Trade two for one and see what happens

Trade two for one and see what happens

energia
WIM energia
Mar 27, 2009, 12:00 AM |
32 | Middlegame

There are two wings on a regular airplane, right? What if I tell you there is only one wing? You can call me insane, out of my mind or just ignorant. This would be the first thought you might initially have. Then I tell you that I did my undergraduate study in Aerospace/Mechanical Engineering. Hmm, maybe she is not completely out of her mind, maybe they learn something about airplanes that only engineers have the right to know. I am now in an authority position, since you have respect for that education, lets say; but still convincing someone that there is only one wing on a plane when there are obviously two wouldn’t be an easy job.

Soon I will reveal the mystery of one wing but let’s transfer this discussion into something more familiar – chess. Lets just say that if one wing was as efficient as two wings, we would have planes flying with one or two wings. In chess two minor pieces (equal to 6 pawns) are better than a rook (equal to 5 pawns), since having a quantity of two is better than having one. Sometimes this holds true, sometimes not. Like with airplanes if two wings are as good as one then having one wouldn’t be a problem. Thus, having a rook against two pieces if the rook is as efficient as two minor pieces would not be a disadvantage. The rook can even be better than two pieces. In endgames when there are open files and a lot of operational space for a rook, with an extra pawn it can do much better against a knight and a bishop. In middlegames usually two minor pieces are better than a rook, since there are not many open files and if the pieces are well coordinated then they will be stronger than the rook. Also, in the middle of the game a side usually gives away two minor pieces for a rook and a pawn to open the opponent’s king and generate an attack. Every situation is unique and sometimes two pieces are the same as a rook. As with an airplane in engineering we look at two wings as one: in drawing we extend two wings inside the plane so they eventually merge into one. We get the shape of a boomerang and call it a wing. We say aspect ratio of a wing, shear stress across a wing, cross section of a wing but never use wings as plural. This was the secret.

 

Lets go to the first example. This example will feature a game that was most of the time equal. A rook fought successfully against minor pieces in the middlegame due to an open file it controlled. Also, white's two minor pieces couldn’t find good squares, thus had to be relatively passive. Overall, the position looks like just from an opening. Black has a strong knight on e4. N:c3 is a threat already. White finds a small combination that solves their problems.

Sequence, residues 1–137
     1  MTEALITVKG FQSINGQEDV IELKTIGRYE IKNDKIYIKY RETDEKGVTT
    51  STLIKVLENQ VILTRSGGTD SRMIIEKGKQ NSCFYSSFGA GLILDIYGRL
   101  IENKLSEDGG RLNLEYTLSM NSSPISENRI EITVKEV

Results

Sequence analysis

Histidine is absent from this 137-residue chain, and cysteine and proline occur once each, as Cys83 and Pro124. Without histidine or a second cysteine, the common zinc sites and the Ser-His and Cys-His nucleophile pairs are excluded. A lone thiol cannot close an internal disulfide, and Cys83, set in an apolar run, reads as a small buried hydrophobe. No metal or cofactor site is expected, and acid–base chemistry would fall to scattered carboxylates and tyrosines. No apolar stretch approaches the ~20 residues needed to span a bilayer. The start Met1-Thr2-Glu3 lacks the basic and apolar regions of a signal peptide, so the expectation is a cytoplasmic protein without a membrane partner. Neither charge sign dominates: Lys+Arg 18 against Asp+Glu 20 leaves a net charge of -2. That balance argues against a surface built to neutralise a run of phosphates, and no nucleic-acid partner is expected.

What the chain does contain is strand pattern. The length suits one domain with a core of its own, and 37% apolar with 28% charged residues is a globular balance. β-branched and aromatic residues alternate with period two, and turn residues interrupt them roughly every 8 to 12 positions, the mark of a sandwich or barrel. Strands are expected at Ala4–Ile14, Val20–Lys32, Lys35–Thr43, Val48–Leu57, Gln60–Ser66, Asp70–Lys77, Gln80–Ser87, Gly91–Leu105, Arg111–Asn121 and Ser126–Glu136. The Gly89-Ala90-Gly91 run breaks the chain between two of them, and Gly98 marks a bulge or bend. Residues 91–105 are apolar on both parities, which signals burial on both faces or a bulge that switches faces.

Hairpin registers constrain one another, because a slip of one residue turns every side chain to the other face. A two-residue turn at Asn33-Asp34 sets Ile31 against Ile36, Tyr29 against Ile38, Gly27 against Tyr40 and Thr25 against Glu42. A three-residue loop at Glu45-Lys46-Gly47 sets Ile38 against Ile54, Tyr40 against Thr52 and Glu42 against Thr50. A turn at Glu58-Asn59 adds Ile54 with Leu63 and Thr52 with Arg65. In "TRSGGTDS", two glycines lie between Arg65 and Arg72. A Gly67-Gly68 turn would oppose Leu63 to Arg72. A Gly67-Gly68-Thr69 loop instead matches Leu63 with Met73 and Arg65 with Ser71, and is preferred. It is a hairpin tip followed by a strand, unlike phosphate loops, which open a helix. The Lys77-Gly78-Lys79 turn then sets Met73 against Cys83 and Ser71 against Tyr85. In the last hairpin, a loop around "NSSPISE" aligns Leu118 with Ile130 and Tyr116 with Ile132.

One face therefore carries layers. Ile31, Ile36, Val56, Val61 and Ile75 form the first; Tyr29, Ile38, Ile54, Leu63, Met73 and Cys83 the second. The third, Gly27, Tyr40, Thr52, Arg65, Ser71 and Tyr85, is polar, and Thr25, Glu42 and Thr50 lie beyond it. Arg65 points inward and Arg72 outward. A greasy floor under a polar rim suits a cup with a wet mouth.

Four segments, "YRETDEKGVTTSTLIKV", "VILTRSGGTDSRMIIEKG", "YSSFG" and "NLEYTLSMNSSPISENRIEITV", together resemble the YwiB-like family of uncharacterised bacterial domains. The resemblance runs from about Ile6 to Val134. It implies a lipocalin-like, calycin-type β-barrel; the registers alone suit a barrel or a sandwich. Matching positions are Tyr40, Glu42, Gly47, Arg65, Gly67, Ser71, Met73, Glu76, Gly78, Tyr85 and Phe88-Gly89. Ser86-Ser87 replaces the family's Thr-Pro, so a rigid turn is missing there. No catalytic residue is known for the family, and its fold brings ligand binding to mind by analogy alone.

As you could see from the first example, having this type of material balance is complex. You have to take a lot of things into consideration when deciding to go for two pieces for a rook, such as: position of king, who owns open files, are there any good central squares for minor pieces, passed pawns etc. The next example shows how priorities in a position changed. At first white’s passed pawn looked very dangerous, but then black managed to put his pieces in the center and suddenly white’s king turned out to be undefended. It looks like a Semi-Slav, Shirov-Shabalov line of opening. Black did not commit to castle yet. White controls white squares on the queenside, since black’s bishop on b7 cannot defend them.

Now it is time to get a huge mug of tea and relax since the next example is really long. It shows how white, getting the advantage never let it slip. It requires unbelievable patience to play for so long and never allow a chance for your opponent. The first thing that pops into one's eyes is that black’s king is open and two monstrous bishops look at him. There is always a Nh5 sacrifice in the air. Nc6 is loose, d6 is weak. White is obviously better and found a nice combination here.  

The next example shows how sometimes less pieces but well coordinated can dominate more with poor coordination. Black has some problems with the queenside: if he develops his bishop then b7 would be vulnerable. On the other hand Bf4 does not have good squares for retreat after Nh5 or g5. White decided that there is no time for castling.

One article cannot drain such a big topic. I tried to look at the situation from both sides – the one with two pieces and the one with a rook. The positions are complex and as you can see from the examples, top players of the modern day like to play them for either side. It is a question of a wing(s), or of a personal preference. As long as you think that your positional plusses (center, passed pawns, material) will outnumber your opponent’s pluses you can play these type of positions for either side. I would say that coordination of pieces is mostly the major factor when making such a decision. Overall, try to think about this type of exchange with an open mind, do not stick to just a material evaluation; at the end it might turn out that one piece is better than two.

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